Industrial Unionism | The Canadian Encyclopedia


Industrial Unionism

The first significant attempt to organize on an industrial basis was undertaken in the 1880s by the KNIGHTS OF LABOR, which advocated unity of the producing classes and opposed employer blacklists and discrimination.
General Motors Strike
The General Motors strike of 1937, with workers gathered in Oshawa, Ontario (Archives of Labor and Urban Affairs, Wayne State University).

Industrial Unionism

 Industrial unionism is a type of labour organization. An industrial union is one which, for organizational purposes, includes all workers in a particular industry (eg, steel, automobile, textile) regardless of whether they are skilled or unskilled. The union's bargaining power is based upon the number of its members. In contrast, CRAFT UNIONS (plumbers, electricians) limit their membership to workers with a specific trade or skill. Their power is based upon the scarcity of highly skilled labour. Craft unions, established first, dominated the labour scene until the 1930s but are now largely confined to the construction industry.

The first significant attempt to organize on an industrial basis was undertaken in the 1880s by the KNIGHTS OF LABOR, which advocated unity of the producing classes and opposed employer blacklists and discrimination. It was briefly successful in organizing not only unskilled male workers but also women and minorities but it was opposed by the American Federation of Labour (AFL). The TRADES AND LABOUR CONGRESS OF CANADA (TLC), which the Knights helped to found, accepted both craft and industrial unions until its 1902 convention in Berlin (now Kitchener), Ontario, when the TLC expelled the Knights in Canada on the grounds of "dual unionism." It decided to adhere to AFL decisions concerning jurisdiction among unions and apply them to Canada. While maintaining Canadian autonomy over its political and legislative policies, the TLC elected craft unionist John FLETT as its president and accepted AFL financial assistance for organizing purposes.

After the demise of the Knights in the 1890s, the idea of industrial unionism persisted as craft unions came to be regarded as anachronistic in an increasingly industrialized society of larger corporations and growing mass production processes which used more unskilled and semi-skilled workers. Organizations such as the Catholic union movement in Québec in the 1920s (seeCONFEDERATION OF NATIONAL TRADE UNIONS) and the All-Canadian Congress of Labour (established 1927) sought to combine the principles of nationalism and industrial unionism. In the 1930s, the Workers Unity League, a communist-sponsored organization, became interested in organizing all workers in the emerging mass-production industries.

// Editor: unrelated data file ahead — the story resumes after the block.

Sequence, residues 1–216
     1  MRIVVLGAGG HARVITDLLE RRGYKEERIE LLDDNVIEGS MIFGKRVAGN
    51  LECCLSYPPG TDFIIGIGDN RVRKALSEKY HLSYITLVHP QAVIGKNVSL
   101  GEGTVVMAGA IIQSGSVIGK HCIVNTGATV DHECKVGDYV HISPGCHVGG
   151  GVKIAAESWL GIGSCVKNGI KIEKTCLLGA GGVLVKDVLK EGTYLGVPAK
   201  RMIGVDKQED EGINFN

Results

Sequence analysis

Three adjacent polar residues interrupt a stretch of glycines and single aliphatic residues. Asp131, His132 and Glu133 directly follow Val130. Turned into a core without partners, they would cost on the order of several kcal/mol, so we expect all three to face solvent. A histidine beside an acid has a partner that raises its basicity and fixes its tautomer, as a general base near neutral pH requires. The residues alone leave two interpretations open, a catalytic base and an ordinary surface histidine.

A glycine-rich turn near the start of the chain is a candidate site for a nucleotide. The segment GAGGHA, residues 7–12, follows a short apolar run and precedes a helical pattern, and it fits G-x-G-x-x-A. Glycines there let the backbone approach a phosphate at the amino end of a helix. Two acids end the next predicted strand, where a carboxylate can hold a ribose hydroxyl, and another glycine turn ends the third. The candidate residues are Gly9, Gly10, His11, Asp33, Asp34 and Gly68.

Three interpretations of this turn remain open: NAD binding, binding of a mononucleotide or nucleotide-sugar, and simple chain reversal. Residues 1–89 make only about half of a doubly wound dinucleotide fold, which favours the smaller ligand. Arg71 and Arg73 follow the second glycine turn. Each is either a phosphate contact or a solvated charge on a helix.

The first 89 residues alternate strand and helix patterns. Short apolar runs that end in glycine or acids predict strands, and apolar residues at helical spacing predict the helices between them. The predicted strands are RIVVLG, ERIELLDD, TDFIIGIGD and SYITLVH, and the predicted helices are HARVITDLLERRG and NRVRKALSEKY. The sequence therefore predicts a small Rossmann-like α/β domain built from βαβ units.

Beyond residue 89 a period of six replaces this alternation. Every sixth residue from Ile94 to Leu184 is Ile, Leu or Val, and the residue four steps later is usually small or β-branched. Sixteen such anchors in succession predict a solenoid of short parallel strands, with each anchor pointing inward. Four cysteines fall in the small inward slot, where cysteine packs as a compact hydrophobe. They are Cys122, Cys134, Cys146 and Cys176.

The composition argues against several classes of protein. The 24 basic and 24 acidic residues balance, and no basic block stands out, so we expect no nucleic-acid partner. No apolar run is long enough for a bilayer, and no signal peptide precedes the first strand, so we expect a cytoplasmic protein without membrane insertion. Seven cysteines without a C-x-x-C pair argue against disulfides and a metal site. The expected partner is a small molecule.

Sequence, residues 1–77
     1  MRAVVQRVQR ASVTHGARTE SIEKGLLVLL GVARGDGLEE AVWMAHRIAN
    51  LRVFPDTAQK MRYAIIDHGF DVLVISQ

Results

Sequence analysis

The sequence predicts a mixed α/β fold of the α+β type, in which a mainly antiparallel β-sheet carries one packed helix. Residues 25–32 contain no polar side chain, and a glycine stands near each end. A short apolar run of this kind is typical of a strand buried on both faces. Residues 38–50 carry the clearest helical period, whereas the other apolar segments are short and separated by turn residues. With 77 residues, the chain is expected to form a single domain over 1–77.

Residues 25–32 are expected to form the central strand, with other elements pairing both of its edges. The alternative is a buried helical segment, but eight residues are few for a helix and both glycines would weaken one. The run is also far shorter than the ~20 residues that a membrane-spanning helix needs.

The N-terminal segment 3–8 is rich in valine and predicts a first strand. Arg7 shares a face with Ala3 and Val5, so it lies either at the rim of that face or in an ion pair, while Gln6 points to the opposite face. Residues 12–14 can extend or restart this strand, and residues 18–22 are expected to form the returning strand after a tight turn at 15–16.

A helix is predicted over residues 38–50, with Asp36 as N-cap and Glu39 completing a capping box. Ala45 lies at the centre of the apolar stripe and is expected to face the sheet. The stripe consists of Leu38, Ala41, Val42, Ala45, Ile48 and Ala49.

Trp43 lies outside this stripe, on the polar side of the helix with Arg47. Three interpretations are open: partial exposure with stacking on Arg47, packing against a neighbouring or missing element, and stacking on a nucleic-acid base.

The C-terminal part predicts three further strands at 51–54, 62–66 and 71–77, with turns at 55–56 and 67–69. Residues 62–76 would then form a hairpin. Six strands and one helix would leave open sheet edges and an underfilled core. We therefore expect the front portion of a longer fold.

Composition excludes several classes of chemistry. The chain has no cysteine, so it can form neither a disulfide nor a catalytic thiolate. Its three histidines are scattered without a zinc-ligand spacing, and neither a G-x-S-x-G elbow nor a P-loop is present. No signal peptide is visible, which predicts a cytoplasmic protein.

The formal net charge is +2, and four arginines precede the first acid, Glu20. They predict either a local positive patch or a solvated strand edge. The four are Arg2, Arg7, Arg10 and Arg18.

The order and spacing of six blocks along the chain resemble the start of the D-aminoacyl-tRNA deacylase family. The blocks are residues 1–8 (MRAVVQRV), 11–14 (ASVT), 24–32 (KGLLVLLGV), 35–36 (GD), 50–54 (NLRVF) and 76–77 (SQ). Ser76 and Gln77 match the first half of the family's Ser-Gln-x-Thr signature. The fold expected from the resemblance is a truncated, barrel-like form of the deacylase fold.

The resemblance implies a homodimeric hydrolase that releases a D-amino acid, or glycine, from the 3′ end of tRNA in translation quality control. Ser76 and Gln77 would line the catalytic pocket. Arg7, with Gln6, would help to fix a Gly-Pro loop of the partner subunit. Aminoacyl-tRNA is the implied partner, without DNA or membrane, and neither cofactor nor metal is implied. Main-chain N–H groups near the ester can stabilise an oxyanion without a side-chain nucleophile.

The difficult task of organizing the bulk of the industrial labour force was not accomplished in Canada until WWII by the Congress of Industrial Organizations (CIO), in co-operation with its Canadian counterpar, the CANADIAN CONGRESS OF LABOUR (CCL). This new industrial union movement originated in 1933 in the US in response to workers' needs during the GREAT DEPRESSION and in opposition to entrenched craft unions, but it also attracted thousands of Canadian workers, especially after the 1937 OSHAWA STRIKE against GENERAL MOTORS, into what would become established industrial unions such as the UNITED AUTOMOBILE WORKERS (seeOSHAWA STRIKE), the United Electrical Workers, the United Steelworkers and others. It was successful because the political and economic climate in the post-war period, which combined a desire for future security with existing economic prosperity, was ripe for a pragmatic form of "business unionism," which combined organization on an industrial basis with a philosophy emphasizing collective bargaining, union security and strike action to improve wages and working conditions.

In Canada, the new industrial unions also favoured social reform and political action and formed a lasting alliance with the CCF/NDP. In the 1960s and 1970s, new white-collar unions like the CANADIAN UNION OF PUBLIC EMPLOYEES (CUPE) emerged that follow the industrial-union model, but their composition, concerns and approaches to COLLECTIVE BARGAINING differed somewhat from those of their blue-collar predecessors.

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